August 2014



As chief elected officer of the Society, ASSE's president promotes the advancement of the Society and the safety profession, and represents ASSE before members, other relevant professional societies and various governmental agencies. Professional Safety shares his latest thoughts on the Society, the profession and its practice.

Read past messages in the President's Message Archive.

President's Message - March 2008

As a member of this great organization, you play a key role in deciding who will direct the SH&E profession. You decide by casting your vote.

2007-2008 ASSE President Michael W. Thompson, CSP

Your Vote Matters

Consider the possibilities: One vote can make a difference in the outcome of an election. Edward Everett Hale once wrote, “I am only one. But still I am one. I cannot do everything. But I can still do something. And because I cannot do everything, I will not refuse to do something that I can do.” With that quote in mind, consider the annual ASSE election which begins March 1. When your ballot arrives, will you take notice and vote?
Like you, I have the opportunity to vote for chapter, region and Society leaders—and through that vote I voice my opinion on important issues affecting ASSE and the SH&E profession. Voting is a serious responsibility, yet last year only 16% of members participated in the ASSE election.

Why don’t more members vote? To better understand the election challenge, I read messages written by several recent past ASSE presidents. They spoke of low vote totals and member apathy—strikingly similar to our current situation. I also talked with several volunteer leaders at the national level to gain their insight. Jim Smith, Vice President, Council on Practices & Standards, points to a recent election in which the vocal minority set the direction for the majority. “Several weeks ago,” he explains, “a friend was running for commissioner in West Palm Beach, FL, a city with several hundred thousand voters. A total of 41,000 voted, ultimately affecting the citizenry’s quality of life and financial well being.”

To Darryl Hill, Vice President, Finance, the low participation doesn’t reflect member dissatisfaction—especially given our nearly 90% retention rate which shows that members truly value their association with ASSE. But in sharing his own experience, he reveals a possible cause. “Even though I was active with the local chapter from day one,” he explains, “until I was active at the practice specialty/Society level, I often relied on word of mouth if I didn’t know enough about either candidate. Many members likely do the same—or they simply don’t vote.”

So how do we increase member participation in elections? Region I Vice President Terrie Norris believes volunteer leaders need to take a more active role. “Each volunteer leader needs to initiate an organized ‘get out the vote’ campaign within his/her constituency. The only slogan needs to be ‘Remember to Vote: It’s Your Society.’ Cheerleaders get fans involved in the game. We, as volunteer leaders, are ASSE’s cheerleaders. It’s up to us to engage our members.”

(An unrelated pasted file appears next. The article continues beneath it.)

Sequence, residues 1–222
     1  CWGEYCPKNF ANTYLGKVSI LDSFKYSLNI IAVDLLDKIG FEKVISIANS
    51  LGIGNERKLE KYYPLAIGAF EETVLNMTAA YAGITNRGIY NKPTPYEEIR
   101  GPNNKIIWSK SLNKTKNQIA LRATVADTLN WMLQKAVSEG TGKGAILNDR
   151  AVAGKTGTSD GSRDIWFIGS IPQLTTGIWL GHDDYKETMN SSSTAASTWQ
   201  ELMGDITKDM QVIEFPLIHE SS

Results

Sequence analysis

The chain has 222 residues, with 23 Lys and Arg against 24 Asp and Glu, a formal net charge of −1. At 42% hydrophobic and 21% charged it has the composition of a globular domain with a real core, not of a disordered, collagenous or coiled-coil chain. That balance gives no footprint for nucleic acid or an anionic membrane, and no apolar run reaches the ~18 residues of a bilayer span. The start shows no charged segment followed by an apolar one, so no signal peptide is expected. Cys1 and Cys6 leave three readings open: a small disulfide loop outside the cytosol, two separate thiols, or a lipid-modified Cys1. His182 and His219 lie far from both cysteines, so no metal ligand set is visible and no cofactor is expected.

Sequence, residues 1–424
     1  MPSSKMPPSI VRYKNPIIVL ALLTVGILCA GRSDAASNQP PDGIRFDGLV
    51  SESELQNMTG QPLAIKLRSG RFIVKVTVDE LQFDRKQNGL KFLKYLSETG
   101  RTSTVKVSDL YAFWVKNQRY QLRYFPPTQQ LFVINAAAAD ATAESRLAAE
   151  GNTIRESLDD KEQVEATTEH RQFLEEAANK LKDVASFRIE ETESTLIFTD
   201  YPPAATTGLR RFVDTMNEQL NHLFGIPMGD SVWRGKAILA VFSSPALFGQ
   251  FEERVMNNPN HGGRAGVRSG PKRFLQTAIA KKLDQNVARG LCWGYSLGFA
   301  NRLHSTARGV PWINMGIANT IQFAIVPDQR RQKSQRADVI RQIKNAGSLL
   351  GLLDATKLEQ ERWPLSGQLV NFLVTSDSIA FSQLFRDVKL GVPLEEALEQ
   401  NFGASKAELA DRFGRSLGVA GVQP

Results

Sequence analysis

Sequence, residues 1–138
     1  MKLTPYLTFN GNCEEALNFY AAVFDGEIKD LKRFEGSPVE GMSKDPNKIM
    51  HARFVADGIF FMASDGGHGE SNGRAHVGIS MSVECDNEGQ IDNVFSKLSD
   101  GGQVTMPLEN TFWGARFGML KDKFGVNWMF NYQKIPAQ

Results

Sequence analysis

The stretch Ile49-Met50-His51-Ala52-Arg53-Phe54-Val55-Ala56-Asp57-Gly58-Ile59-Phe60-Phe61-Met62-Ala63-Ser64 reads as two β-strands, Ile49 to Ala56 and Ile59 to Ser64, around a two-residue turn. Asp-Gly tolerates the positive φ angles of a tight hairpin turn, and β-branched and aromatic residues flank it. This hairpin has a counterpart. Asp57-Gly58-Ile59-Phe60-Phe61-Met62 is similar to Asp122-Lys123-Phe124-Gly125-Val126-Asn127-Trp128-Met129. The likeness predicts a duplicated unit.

This year’s candidates have impressive credentials, a fact we should “celebrate,” says Tom Lawrence, Vice President, Council on Professional Affairs. Adds Chris Patton, Senior Vice President, “These candidates should be thanked for volunteering to lead the Society.” I agree. ASSE is a volunteer organization and these individuals have stepped to the plate. Building and supporting this leadership pipeline is key to the Society’s future. As 2006-07 ASSE President Don Jones explains, “Future leaders don’t just happen. They are developed. We do this by recruiting qualified people to join. Then we put them in a position to succeed and continue to challenge them by giving them additional varied roles. When we do this right at the chapter, region and Society level, we should have an abundance of candidates.” A similar approach has worked for the Kuwait Chapter, which elects its officers well in advance of the next chapter year. “They work closely with the present Executive Committee to understand the process before taking over,” says Chapter President Ashok Garlapati.

As 2000-01 President Sam Gualardo wrote, “The elected officers of ASSE lead the Society and determine where to focus its collective energy. Through your vote, you validate this vision and give it strength.” He then urged us each to ask, “Why should I vote?” and offered these four reasons: 1) ensure that ASSE continues to represent the profession with integrity and vision; 2) voice an opinion on important issues and help provide direction for future initiatives; 3) support the Society’s leadership and provide it with a strong mandate for guiding the profession; and 4) acknowledge the hard work of the candidates and recognize their impact on the profession.

Each of us makes a decision about our membership engagement. By not voting, you essentially shift accountability to others to determine the future direction of our profession. Consider the difference your vote can make. Take an active interest in your Society’s governance. Read the candidates’ biographies and platform statements. Visit the election website at www.asse.org. When your election ballot arrives, take the time to review the material, then vote. As a member of this great organization, you play a key role in deciding who will direct the SH&E profession. You decide by casting your vote.

Michael W. Thompson, CSP